Visioning is a strategy by which we can communicate our dreams and desires both internally to ourselves and also to others.
Take a few moments to describe your vision in an area of your life that matters to you, eg. Relationships, finances, career
How effective were you at describing this vision?
Was your vision clear?
If we were to question what we do when we don’t have a vision, many of us would agree that we go through the motions, we undertake activities habitually and often waste: time, energy and resources with no clear purpose.
I’ve done this on occasions at the weekend, I’ve had a vague vision about taking a break, getting some fresh air, going shopping or taking a wander and not known clearly where or what I want to do to achieve this. It’s quite disconcerting, not having a route map, how do you plan your journey? Which way do you turn at the junction, right, left or do you go straight on? When will you know that you have reached your desired destination?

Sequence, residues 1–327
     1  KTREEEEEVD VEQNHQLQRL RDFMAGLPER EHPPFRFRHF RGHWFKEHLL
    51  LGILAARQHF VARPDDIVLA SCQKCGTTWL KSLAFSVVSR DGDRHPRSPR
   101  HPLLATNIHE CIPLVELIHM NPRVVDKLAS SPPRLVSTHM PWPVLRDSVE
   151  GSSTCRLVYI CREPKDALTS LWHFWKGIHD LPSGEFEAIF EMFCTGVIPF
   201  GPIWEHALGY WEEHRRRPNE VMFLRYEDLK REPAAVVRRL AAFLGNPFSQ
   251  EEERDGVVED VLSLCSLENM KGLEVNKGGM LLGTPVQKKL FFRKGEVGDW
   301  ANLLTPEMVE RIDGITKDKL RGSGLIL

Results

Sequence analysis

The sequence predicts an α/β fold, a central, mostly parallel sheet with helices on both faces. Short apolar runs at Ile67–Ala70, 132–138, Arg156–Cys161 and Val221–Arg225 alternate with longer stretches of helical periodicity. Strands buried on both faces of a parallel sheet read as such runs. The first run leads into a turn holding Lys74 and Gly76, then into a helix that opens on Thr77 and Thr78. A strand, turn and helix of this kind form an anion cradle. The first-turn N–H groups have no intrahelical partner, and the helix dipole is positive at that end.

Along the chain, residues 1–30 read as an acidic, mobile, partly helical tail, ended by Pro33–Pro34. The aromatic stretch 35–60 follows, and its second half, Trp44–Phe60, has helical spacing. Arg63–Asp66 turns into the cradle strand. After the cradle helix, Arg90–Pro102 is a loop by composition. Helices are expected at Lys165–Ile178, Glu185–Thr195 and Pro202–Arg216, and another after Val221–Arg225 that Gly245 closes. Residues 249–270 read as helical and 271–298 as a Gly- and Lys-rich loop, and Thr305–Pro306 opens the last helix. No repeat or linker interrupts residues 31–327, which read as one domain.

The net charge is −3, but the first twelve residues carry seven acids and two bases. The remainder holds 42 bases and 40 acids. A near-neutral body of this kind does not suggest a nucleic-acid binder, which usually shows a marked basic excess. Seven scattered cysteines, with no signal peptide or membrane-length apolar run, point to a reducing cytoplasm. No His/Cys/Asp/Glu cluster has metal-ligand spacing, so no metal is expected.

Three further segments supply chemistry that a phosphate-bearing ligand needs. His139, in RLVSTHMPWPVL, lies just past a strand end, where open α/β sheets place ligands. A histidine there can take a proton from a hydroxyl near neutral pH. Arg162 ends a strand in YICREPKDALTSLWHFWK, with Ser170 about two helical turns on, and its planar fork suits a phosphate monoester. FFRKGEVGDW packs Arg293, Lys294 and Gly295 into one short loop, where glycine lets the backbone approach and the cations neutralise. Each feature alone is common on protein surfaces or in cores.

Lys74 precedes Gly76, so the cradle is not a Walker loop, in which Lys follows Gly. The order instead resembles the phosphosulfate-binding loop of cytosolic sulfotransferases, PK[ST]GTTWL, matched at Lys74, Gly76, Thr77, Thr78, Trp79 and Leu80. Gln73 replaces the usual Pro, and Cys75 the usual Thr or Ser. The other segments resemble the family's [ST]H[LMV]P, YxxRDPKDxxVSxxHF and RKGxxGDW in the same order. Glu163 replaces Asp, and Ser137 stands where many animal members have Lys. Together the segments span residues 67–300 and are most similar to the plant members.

The benefits of creating a clear vision mean that: you have a tool to motivate and inspire you on your journey, the end point is clear; you can measure your achievement and articulate your vision to others when required.
Can you easily articulate your vision to others?
A clear vision is one which you can easily articulate. Men and women of great historical importance have influenced others by clearly articulating their vision. Martin Luther King expressed his vision for equality and civil rights in America with his “I have a dream speech”. He used the term dream and as such our visions are our dreams until we put strategies in place to make them a reality.
If a vision were to be described as a plant it would be the root and also the flower. A vision could be described as a foundation, the outcome, the manifestation of growth, nurture, hardiness and nourishment. In the plant world, weeds grow in most places irrespective of the conditions. Other blooms, such as lilies take more nurture, effort and care to yield results.
In the same way an inspiring vision requires: nurture, care, effort and nourishment over a period of time to come into full bloom. An inspiring vision will rarely thrive if it is left to it’s own devices.
10 steps to creating a vision and releasing the inner child